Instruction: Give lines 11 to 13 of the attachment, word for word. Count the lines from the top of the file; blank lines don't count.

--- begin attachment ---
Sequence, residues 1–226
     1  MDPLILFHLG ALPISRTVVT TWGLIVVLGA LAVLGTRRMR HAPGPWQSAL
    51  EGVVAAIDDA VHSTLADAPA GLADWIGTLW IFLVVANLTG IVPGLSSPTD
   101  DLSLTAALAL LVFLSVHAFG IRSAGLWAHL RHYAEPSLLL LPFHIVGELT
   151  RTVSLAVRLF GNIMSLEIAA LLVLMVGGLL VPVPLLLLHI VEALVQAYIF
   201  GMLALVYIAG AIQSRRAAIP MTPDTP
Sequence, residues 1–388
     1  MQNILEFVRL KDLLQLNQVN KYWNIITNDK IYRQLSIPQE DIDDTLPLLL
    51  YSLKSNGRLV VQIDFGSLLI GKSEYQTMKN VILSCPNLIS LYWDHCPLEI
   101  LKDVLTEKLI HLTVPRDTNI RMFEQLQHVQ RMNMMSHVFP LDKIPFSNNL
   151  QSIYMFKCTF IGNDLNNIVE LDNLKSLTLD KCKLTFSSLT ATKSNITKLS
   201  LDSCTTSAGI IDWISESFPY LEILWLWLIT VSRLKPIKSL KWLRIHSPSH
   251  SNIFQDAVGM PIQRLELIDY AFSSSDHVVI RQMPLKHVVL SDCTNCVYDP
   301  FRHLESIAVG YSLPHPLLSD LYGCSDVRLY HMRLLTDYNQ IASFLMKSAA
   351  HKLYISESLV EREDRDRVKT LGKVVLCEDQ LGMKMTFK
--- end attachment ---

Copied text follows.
   151  QSIYMFKCTF IGNDLNNIVE LDNLKSLTLD KCKLTFSSLT ATKSNITKLS
   201  LDSCTTSAGI IDWISESFPY LEILWLWLIT VSRLKPIKSL KWLRIHSPSH
   251  SNIFQDAVGM PIQRLELIDY AFSSSDHVVI RQMPLKHVVL SDCTNCVYDP